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Council contemplates tank farm OCP change

Public hearing report comes forward
The proposed 7.3-hectare section of land at the former tank farm site to be designated for industrial/commercial use. City planning manager Mélodie Simard highlighted issues from a report during city council Sept. 8 that came forward during an August public hearing for the possible changes. (Crystal Schick/Yukon News file)

Altering the Official Community Plan (OCP) designation of a 7.3-hectare piece of land inside the former tank farm site for commercial/industrial use would be the first of many steps before any such development could happen there.

That reminder was issued as part of a public hearing report on the OCP change brought forward to Whitehorse city council at its Sept. 8 meeting.

The report, presented by planning manager Mélodie Simard, highlighted a long list of issues that came forward during the public hearing held in August for the OCP amendment that would change the designation of the land from residential to commercial/industrial uses.

Along with the land designation, the OCP change would also establish the area as a direct control district, giving the city more direct control over land and buildings in the area.

During the public hearing, both support and opposition were expressed for the changes.

Among the submissions in favour was a document containing approximately 450 names of people stating their support for the plan, highlighting the need for commercial properties in the city and pointing out that it will be nearby commercial/industrial land already existing on Wasson Place.

Those arguing against the change maintained the site should be used for residential use as industrial/commercial uses would not fit with the nearby neighbourhoods and would impact residents of those neighbourhoods.

Noise and pollution were also cited as a major concern among those opposing the OCP change with some highlighting the city’s logo as a wilderness city.

In her report, Simard noted each of the concerns with a response for each.

Responding to concerns around noise, for example, she pointed out that the project proponents have stated the noise level would be similar to that of past remediation and hauling work that was done in the area.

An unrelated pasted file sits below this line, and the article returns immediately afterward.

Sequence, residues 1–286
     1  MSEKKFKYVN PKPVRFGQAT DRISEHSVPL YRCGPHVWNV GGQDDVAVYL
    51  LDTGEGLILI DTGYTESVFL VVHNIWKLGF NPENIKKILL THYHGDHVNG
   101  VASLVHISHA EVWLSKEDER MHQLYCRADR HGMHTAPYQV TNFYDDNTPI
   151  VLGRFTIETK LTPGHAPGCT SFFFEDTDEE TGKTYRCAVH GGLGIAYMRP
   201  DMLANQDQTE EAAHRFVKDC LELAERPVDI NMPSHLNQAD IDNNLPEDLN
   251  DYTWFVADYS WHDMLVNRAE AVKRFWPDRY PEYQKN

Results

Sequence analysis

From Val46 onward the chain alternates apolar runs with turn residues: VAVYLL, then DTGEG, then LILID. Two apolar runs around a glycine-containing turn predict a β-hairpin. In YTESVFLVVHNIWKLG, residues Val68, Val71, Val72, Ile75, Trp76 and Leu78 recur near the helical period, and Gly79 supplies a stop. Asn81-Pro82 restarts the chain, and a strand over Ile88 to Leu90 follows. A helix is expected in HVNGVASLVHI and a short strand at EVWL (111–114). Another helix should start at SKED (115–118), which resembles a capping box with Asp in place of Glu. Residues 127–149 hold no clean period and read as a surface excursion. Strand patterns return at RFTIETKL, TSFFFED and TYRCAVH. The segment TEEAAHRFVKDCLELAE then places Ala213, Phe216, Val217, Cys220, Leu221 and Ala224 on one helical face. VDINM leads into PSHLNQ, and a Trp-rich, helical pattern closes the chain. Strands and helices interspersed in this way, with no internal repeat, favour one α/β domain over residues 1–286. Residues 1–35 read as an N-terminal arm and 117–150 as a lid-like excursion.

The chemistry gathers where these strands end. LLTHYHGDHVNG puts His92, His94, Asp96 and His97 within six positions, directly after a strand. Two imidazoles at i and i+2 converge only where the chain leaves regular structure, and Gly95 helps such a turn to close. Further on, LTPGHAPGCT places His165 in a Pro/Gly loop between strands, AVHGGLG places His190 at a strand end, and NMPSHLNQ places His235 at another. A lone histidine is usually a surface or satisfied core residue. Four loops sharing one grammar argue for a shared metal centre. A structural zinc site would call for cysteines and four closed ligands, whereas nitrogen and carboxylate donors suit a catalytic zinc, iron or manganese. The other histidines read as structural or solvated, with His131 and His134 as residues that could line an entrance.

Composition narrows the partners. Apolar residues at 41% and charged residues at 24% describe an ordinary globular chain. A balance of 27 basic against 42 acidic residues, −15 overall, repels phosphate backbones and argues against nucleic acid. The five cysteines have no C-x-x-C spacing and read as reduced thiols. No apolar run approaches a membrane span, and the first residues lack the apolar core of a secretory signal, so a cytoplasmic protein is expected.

Simard also pointed out if a residential development went ahead under the current designation, “both infrastructure development and housing construction could create significantly more noise disturbance than is currently occurring on the site.”

The report also noted the land is next to commercial/industrial developments on Burns Road and Wasson Place and cited the required buffer between industrial and residential areas. The buffer between the site and future residential areas would be between 30 and 100 metres, while the buffer from the site to the Hillcrest neighbourhood would be 120 m.

“Under a Mixed-Use — Industrial/Commercial designation, the developer would be required to demonstrate proposed subdivision design and final site conditions prior to any grading work,” Simard said.

As she said in concluding the report, the OCP represents just the first step of many before any development can happen on the property.

“The OCP is a high-level document that guides future decisions,” she said. “As such, the amendment is considering if this land designation change from Residential – Urban to Mixed-Use – Industrial/Commercial is appropriate given the surrounding land uses. If council agrees that commercial/industrial type uses are acceptable in this location, the details of how this is achieved could be implemented through a zoning bylaw amendment, as well as a development agreement registered through subdivision approval.”

Questioned by councillors Steve Roddick and Laura Cabott about specifics on the maximum time it could take to do grading work and potential trail connections, Simard emphasized those details could be addressed through zoning and development agreements.

The report stated that a number of regulations could be drafted to address concerns raised through the public hearing.

Among those could be regulations on the amount of material being relocated or restricting material from being hauled off-site; limiting on-site processing of material; regulated hours of operation; and restricting uses allowed in the proposed Mixed-Use – Industrial/Commercial area to match restrictions currently applied in the Wasson Place/Burns Road area.

Council will vote on the second reading of the OCP amendment at its next meeting on Sept. 14.

Contact Stephanie Waddell at

Stephanie Waddell

About the Author: Stephanie Waddell

I joined Black Press in 2019 as a reporter for the Yukon News, becoming editor in February 2023.
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